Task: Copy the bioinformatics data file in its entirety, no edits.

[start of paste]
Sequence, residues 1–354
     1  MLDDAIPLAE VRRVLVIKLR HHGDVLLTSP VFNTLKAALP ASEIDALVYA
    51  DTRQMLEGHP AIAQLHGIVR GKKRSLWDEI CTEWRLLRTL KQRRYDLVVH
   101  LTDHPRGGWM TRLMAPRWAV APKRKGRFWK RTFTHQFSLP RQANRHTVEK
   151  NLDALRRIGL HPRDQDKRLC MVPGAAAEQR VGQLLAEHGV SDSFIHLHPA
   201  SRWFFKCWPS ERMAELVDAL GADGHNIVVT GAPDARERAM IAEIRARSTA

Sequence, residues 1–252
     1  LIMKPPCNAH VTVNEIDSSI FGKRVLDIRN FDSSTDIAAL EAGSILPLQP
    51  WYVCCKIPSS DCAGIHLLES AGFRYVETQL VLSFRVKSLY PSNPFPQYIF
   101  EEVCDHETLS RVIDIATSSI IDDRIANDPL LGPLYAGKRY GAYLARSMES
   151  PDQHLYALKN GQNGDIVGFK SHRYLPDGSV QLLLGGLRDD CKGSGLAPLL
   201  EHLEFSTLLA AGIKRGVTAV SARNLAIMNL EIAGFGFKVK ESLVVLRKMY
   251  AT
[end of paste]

Sequence, residues 1–354
     1  MLDDAIPLAE VRRVLVIKLR HHGDVLLTSP VFNTLKAALP ASEIDALVYA
    51  DTRQMLEGHP AIAQLHGIVR GKKRSLWDEI CTEWRLLRTL KQRRYDLVVH
   101  LTDHPRGGWM TRLMAPRWAV APKRKGRFWK RTFTHQFSLP RQANRHTVEK
   151  NLDALRRIGL HPRDQDKRLC MVPGAAAEQR VGQLLAEHGV SDSFIHLHPA
   201  SRWFFKCWPS ERMAELVDAL GADGHNIVVT GAPDARERAM IAEIRARSTA

Sequence, residues 1–252
     1  LIMKPPCNAH VTVNEIDSSI FGKRVLDIRN FDSSTDIAAL EAGSILPLQP
    51  WYVCCKIPSS DCAGIHLLES AGFRYVETQL VLSFRVKSLY PSNPFPQYIF
   101  EEVCDHETLS RVIDIATSSI IDDRIANDPL LGPLYAGKRY GAYLARSMES
   151  PDQHLYALKN GQNGDIVGFK SHRYLPDGSV QLLLGGLRDD CKGSGLAPLL
   201  EHLEFSTLLA AGIKRGVTAV SARNLAIMNL EIAGFGFKVK ESLVVLRKMY
   251  AT